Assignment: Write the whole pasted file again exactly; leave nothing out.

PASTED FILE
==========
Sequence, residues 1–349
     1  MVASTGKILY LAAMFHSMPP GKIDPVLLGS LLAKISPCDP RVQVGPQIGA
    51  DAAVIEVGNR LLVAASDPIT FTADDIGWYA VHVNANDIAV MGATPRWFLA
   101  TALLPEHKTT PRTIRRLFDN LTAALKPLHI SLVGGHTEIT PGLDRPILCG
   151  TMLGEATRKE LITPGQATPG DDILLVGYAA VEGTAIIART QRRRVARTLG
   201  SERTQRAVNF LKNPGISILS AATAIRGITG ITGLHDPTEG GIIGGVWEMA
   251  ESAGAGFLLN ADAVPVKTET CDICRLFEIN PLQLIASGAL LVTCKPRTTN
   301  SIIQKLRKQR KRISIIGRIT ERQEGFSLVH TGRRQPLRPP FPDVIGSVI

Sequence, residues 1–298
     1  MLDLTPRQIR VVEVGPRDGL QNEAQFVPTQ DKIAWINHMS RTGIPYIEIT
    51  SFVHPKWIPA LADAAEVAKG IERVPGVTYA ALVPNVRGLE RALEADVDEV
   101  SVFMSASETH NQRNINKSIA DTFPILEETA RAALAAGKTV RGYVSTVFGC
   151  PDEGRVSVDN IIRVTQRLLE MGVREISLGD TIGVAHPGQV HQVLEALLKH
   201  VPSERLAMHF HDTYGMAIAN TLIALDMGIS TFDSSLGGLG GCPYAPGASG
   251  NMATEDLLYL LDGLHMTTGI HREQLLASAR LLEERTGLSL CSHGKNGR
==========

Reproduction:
Sequence, residues 1–349
     1  MVASTGKILY LAAMFHSMPP GKIDPVLLGS LLAKISPCDP RVQVGPQIGA
    51  DAAVIEVGNR LLVAASDPIT FTADDIGWYA VHVNANDIAV MGATPRWFLA
   101  TALLPEHKTT PRTIRRLFDN LTAALKPLHI SLVGGHTEIT PGLDRPILCG
   151  TMLGEATRKE LITPGQATPG DDILLVGYAA VEGTAIIART QRRRVARTLG
   201  SERTQRAVNF LKNPGISILS AATAIRGITG ITGLHDPTEG GIIGGVWEMA
   251  ESAGAGFLLN ADAVPVKTET CDICRLFEIN PLQLIASGAL LVTCKPRTTN
   301  SIIQKLRKQR KRISIIGRIT ERQEGFSLVH TGRRQPLRPP FPDVIGSVI

Sequence, residues 1–298
     1  MLDLTPRQIR VVEVGPRDGL QNEAQFVPTQ DKIAWINHMS RTGIPYIEIT
    51  SFVHPKWIPA LADAAEVAKG IERVPGVTYA ALVPNVRGLE RALEADVDEV
   101  SVFMSASETH NQRNINKSIA DTFPILEETA RAALAAGKTV RGYVSTVFGC
   151  PDEGRVSVDN IIRVTQRLLE MGVREISLGD TIGVAHPGQV HQVLEALLKH
   201  VPSERLAMHF HDTYGMAIAN TLIALDMGIS TFDSSLGGLG GCPYAPGASG
   251  NMATEDLLYL LDGLHMTTGI HREQLLASAR LLEERTGLSL CSHGKNGR